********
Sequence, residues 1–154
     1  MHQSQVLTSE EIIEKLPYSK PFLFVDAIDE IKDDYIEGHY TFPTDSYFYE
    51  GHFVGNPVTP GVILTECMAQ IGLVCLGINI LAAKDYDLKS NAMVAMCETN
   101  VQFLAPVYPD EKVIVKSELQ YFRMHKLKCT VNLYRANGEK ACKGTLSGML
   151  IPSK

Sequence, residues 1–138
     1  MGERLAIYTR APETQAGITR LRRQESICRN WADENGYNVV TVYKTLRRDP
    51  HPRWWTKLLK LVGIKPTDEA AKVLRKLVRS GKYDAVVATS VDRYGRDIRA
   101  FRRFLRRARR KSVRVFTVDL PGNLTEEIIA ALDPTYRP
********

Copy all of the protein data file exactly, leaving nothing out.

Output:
Sequence, residues 1–154
     1  MHQSQVLTSE EIIEKLPYSK PFLFVDAIDE IKDDYIEGHY TFPTDSYFYE
    51  GHFVGNPVTP GVILTECMAQ IGLVCLGINI LAAKDYDLKS NAMVAMCETN
   101  VQFLAPVYPD EKVIVKSELQ YFRMHKLKCT VNLYRANGEK ACKGTLSGML
   151  IPSK

Sequence, residues 1–138
     1  MGERLAIYTR APETQAGITR LRRQESICRN WADENGYNVV TVYKTLRRDP
    51  HPRWWTKLLK LVGIKPTDEA AKVLRKLVRS GKYDAVVATS VDRYGRDIRA
   101  FRRFLRRARR KSVRVFTVDL PGNLTEEIIA ALDPTYRP